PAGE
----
In today's post, I will break away from my usual banter and redirect your attention to someone much more worthy of it than I. No doubt we have all heard of the sudden and unexpected demise of Whitney Houston, a music legend and one quite worthy of "Diva" status. But she is not the legend to which the parenthetical title refers. There is one who was not only a legend and diva, but who went largely unnoticed by the mainstream masses. This past February 23 marks the 12 year memorial of when we lost the gifted voice of Ofra Haza.
Ofra Haza was an artist who not only had achieved a great success of her own accord, but whose voice was sought out by many other artists, cuch as Thomas Dolby, Paula Abdul, even the alternative group, The Sisters Of Mercy, for their song, Temple Of Love (the 12" single of which I have had on vinyl since high school).
She had not only a beautiful voice, but was also proud of her Jewish background, as well as her Yemeni origin, even to the point where her love and musical prowess was bridging the divide between Israel and the Arab countries. Not only did she cover a wide variety of musical styles, she also covered a few songs by very well known artists. One of note, which (in my opinion) is a very passionate - and yet haunting - cover of Kashmir, the rock classic by Led Zeppelin:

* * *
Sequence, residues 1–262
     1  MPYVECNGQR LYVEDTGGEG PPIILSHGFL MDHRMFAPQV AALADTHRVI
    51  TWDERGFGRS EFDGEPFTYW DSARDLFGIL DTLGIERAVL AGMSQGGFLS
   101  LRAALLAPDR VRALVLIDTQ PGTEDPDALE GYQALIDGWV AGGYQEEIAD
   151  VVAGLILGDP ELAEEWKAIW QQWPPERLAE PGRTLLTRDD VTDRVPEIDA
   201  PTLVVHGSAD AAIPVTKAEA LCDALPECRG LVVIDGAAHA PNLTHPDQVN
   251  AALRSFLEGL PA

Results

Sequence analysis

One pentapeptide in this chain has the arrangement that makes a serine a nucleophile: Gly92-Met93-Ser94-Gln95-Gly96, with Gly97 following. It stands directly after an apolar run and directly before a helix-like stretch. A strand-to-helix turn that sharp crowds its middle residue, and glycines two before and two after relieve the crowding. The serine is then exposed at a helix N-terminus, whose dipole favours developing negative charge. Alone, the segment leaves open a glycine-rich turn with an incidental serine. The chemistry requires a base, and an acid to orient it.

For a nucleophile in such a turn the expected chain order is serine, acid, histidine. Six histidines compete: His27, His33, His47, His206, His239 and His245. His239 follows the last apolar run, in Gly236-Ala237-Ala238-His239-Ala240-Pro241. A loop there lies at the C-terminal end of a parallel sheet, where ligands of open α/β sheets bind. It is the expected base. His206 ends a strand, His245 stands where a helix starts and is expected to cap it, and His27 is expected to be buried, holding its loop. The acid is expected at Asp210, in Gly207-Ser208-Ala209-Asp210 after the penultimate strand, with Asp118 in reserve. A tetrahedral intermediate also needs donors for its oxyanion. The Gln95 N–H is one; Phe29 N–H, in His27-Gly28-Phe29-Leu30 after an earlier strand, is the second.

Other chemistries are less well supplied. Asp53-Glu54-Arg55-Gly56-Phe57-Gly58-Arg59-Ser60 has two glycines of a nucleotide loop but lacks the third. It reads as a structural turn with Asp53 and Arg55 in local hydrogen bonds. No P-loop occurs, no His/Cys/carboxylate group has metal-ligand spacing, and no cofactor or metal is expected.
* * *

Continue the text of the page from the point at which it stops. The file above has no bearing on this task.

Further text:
However, believe it not, just about ALL of you have heard of Ofra Haza and never even realized it. In 1998 (about 2 years before she died), she was working with composer Hans Zimmer on some music for a motion picture soundtrack. It was said that when he introduced Ofra Haza to the other artists, they commented how beautiful she was, and one of the characters in the animated feature that they were working on, was drawn with her likeness. That character was Yochaved, the mother of Moses. The movie: Prince Of Egypt. The most notable song from that movie (which was sung by Ofra Haza) was "Deliver Us".
Ofra Haza left us on February 23, 2000, from AIDS-related pneumonia. She contracted the HIV virus just a few years before from a blood transfusion, following a miscarriage. She was only 42. In honor of her (and apropos of this memorial) , this final video is of her singing the traditional Jewish prayer, "Kaddish", which is commonly referred to as "The Mourner's Kaddish". Those of us who appreciate what you have given us, you are truly missed, Ofra Haza!
Should you seek more info on Ofra Haza, the is a comprehensive posting of her life and career on Wikipedia, as well as a website devoted to keep her memory and legacy alive, and can be seen in both English and Hebrew.